Boon to kids who didn’t expect unusual gifts last Christmas

Published January 4, 2019, 12:04 AM

by Elinando B. Cinco

PAGE TWELVE 

By ELINANDO B. CINCO

Elinando B. Cinco
Elinando B. Cinco

They say that God’s graces come in unexpected ways. And the Child in the Manger gave “gifts” to Filipino kids and youngsters, surprisingly, in unusual twists during the Yuletide season.

Here’s how:

First was providing school children who are left-handed with armchairs especially designed for them. For decades, schools – public and private – overlooked this special need.

Senate Bill No. 2114 seeks to require educational institutions nationwide to provide left-handed armchairs for left-handed students. As far as I could remember, no administration had thought of such a necessity.

Sen. Sony Angara is the author of the bill that has some mandatory provisions.

In the introductory note, he said studies showed that 10 to 15 percent of students are left-handed. And a right-handed armchair does not offer left-handed arm-support, causing body parts pain to the young southpaw.

(Note: My own three granddaughters are left-handed.)

Second, a law called the First 1000 Days Bill will now expand the country’s nutritional and health programs up to the first two years of life.

President Duterte signed it into law just before Christmas time.

And, third, the Senate also approved on third and final reading a measure simplifying the child adoption process. It now allows the rectification of simulated births through a simpler administrative proceeding.

Before, adopting parents found it cumbersome to follow the process. Not a few prospective foster couples abandoned their adopting plans.

This new development – authored by Sen. Risa Hontiveros – is a substitution of Senate Bill 1725, previously introduced by Sen. Grace Poe and Sen. Leila de Lima.

*     *    *

‘NEWSPAPER TALK’. Definitely, a much hotter topic of conversation in a Yuletide gathering recently was non-parochial and broader in scope – the print media.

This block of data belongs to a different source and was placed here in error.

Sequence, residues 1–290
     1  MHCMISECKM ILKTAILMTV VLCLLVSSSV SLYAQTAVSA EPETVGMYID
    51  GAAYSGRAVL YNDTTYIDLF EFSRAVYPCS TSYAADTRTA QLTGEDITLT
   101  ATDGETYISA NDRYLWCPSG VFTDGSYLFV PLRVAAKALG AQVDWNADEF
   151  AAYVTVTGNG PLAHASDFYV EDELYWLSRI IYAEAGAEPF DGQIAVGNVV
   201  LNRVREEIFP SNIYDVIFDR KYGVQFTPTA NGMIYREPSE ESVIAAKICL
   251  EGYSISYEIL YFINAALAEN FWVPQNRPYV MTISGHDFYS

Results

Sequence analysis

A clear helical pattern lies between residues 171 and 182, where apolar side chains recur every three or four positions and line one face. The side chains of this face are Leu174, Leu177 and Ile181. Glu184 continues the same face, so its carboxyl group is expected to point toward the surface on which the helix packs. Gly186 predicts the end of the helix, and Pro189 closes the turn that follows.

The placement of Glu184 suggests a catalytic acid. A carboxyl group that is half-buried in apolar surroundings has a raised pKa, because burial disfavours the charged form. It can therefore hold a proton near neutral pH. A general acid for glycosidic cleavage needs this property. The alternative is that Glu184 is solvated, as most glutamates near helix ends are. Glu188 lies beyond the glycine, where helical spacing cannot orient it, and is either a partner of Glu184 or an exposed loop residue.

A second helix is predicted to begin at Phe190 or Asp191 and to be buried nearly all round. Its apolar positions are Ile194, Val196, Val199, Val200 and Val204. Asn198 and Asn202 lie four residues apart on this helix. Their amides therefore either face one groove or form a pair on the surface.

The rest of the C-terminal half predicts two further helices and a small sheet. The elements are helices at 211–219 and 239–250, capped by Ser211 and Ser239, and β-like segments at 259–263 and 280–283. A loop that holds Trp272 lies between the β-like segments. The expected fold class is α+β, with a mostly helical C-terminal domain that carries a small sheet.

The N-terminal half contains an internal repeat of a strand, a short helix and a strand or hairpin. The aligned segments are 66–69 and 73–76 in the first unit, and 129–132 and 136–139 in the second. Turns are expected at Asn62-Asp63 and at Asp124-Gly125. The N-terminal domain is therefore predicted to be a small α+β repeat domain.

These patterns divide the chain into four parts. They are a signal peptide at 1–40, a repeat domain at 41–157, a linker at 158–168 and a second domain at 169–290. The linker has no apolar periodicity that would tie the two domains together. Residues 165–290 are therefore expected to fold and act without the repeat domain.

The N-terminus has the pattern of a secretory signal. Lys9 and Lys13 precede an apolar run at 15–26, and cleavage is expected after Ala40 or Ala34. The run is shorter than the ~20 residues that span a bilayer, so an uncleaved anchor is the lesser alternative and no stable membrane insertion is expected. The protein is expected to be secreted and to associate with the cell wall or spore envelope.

During the induction of the incoming 2019 officers and board members of our homeowners association – with Rep. Winnie Castelo as inducting officer, the center of discussion was the thinning number of pages of daily  newspapers.

“We couldn’t help it but seek to find out why” was the common inquisitive complaint.

You see, many of the more than 1,600 homeowners of our Batasan Hills village get their daily newspapers via home delivery. And are, apparently, serious print media followers, much more than they do accessing daily news from social media or broadcast facilities.

They claimed the broadsheets are the ones that have drastically slimmed down, “maybe by 8 to 10 pages.”

Not only that, “Madaling magusot ang papel,”some of the homeowners rued. How does it go, I asked.

By just turning the pages in one sitting, the newspapers easily become soiled and crumpled.

Not one who is privy to the inner business intricacies of daily newspaper publishing, I could only give my neighbors speculative explanation.

On the first item, I told them it must be a pragmatic business decision by the owners to down-size because of the continued rising prices of newsprint in the world market.

Prices reported in financial exchanges of major cities in the world show the cost of newsprint has been noticeably soaring.Ostensibly, in short supply.

A voltile market most possibly doubly wobbled  by a weak demand, I tried to explain.

The persistent recourse of corporate and industrial giants, as well as banks and financial institutions all over the world, to “go paperless” in their operations may have slowed down the market demand for paper, in general, and newsprint, in particular.

Pretty soon, government bureaucracies the world over may justifiably creep into the practice too. And for that matter, what can prevent educational and religious institutions from following suit?

And as regards the quality of newsprint my neighbors have complained about, the reason could be arboreal in nature.

It is possible that newsprint producing countries may have shifted to planting or using trees that are less superior than the previous varieties. Again, triggered by a slow market patronage.

That can be the reason for the inferior newsprint paper which my neighbors complained is “medaling magusot.”

 

 
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